An Indigenous organisation has criticised a company offering Oscar nominees a “symbolic souvenir” of land in rural Queensland for using their company in advertisement materials without their consent.
Pieces of Australia is one of the many companies that have paid $4,000 to secure a spot in the Oscars gift bag given to nominees.
The company’s hamper includes the “conservation gift pack” which includes a “certificate of land license” which specifies that owners can’t use or enter the parcel of land without the licensers consent.
The “digital member’s handbook” which comes with the giftpack makes a clear reference to the Indigenous Carbon Industry Network.
“When most non-Indigenous people look at the land, they often see something they can exploit, an asset they can develop and use to create a profit,”
“An Aboriginal person, on the other hand, looks at land as something more. They see a living, breathing thing that is deeply connected to their past, present, and future.”
“Organizations like the Indigenous Carbon Industry Network (ICIN), who acts as an industry body, provides valuable resources to Indigenous local organizations,” the handbook said.
In a statement, ICIN said that the orginsation was not contacted by Pieces of Australia or “approached in any way in regards to the academy awards.”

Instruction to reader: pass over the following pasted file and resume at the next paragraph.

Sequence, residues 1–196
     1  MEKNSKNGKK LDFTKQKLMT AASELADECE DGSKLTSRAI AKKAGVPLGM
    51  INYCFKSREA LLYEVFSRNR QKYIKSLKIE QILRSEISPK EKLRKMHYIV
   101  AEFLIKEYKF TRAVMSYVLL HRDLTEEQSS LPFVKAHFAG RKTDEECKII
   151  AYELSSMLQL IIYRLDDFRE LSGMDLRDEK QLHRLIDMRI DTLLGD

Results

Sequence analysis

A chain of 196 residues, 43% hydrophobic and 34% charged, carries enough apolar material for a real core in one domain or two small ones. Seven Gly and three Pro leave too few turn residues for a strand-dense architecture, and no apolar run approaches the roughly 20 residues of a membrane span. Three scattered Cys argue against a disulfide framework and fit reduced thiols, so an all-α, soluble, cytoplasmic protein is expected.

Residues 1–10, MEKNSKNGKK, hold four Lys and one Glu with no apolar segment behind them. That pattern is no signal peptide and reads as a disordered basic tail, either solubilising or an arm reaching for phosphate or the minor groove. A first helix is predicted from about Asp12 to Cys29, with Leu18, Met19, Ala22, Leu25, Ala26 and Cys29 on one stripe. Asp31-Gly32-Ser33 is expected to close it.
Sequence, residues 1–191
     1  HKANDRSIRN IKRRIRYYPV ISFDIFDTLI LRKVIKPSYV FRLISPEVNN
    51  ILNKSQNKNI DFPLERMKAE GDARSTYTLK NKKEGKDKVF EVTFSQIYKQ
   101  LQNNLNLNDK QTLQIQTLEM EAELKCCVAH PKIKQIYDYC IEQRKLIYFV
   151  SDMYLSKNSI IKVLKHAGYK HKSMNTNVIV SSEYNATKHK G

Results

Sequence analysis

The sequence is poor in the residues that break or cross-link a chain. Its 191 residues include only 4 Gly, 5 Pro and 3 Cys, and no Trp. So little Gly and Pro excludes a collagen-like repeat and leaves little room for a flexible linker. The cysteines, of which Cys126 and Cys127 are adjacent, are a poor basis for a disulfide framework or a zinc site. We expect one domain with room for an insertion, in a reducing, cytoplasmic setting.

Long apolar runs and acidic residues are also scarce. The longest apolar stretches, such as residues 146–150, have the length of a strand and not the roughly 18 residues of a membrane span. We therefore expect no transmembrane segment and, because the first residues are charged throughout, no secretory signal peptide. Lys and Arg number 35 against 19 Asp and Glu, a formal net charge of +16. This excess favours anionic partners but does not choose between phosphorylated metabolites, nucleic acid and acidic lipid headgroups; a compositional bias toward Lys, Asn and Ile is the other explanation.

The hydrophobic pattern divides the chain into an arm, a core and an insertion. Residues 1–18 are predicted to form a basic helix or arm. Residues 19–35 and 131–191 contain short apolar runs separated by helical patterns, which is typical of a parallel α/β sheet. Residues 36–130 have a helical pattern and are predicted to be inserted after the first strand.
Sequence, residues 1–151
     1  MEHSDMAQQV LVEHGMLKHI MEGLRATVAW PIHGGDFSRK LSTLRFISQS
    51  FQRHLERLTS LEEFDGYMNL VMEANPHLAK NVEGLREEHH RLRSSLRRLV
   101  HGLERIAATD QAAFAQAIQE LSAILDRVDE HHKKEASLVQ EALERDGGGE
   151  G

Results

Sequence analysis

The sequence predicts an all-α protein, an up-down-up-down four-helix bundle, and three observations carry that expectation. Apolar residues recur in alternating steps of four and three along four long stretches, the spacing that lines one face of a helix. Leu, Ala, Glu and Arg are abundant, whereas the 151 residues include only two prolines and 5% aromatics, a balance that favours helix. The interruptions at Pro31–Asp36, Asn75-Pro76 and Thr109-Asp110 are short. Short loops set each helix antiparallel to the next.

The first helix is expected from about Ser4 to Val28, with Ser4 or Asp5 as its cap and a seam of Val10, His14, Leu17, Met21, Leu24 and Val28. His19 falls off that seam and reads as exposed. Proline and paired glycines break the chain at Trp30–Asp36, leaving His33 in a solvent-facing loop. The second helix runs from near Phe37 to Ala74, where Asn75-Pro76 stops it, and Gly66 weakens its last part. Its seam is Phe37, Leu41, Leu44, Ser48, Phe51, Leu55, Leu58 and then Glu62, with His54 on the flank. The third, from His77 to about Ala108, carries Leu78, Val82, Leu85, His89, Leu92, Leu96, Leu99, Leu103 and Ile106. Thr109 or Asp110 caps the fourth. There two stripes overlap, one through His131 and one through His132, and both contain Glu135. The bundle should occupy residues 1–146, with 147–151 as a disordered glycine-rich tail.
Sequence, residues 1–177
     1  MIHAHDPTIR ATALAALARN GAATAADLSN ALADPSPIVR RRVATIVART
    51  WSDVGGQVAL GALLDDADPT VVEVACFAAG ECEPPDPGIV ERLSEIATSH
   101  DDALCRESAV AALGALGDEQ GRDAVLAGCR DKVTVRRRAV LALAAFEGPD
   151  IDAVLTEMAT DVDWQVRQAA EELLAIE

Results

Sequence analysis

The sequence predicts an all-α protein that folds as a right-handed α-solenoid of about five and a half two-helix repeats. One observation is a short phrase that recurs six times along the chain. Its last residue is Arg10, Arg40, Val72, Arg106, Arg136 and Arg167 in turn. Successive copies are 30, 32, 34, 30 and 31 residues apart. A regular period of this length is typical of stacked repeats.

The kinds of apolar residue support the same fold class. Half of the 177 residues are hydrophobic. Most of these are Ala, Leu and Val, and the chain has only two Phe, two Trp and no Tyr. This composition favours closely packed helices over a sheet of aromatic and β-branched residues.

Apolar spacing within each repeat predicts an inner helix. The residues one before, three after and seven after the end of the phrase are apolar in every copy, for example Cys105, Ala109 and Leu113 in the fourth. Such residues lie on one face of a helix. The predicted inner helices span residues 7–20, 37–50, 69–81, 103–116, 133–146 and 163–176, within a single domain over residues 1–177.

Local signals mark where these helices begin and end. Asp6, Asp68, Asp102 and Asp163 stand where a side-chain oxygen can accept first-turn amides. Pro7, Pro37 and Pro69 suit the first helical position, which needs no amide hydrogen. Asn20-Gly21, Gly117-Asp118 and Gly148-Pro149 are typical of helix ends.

“ICIN has not granted permission for any of our information, publications or photos to be reproduced to support the Oscars ‘Goodie Bag’ or ‘Pieces of Australia’.
In particular it has not granted permission for any photos on our website or publications featuring Aboriginal people undertaking fire management to be reproduced by a third party to support the Oscars ‘Goodie Bag’ or ‘Pieces of Australia’ in any way,” it said.
The orginsation says it is seeking legal advice in regard to the issue whilst Pieces of Australia Niels Chaneliere says that the company has removed all references of the ICN in their digital handbook.
Image Credit: Jernej Furman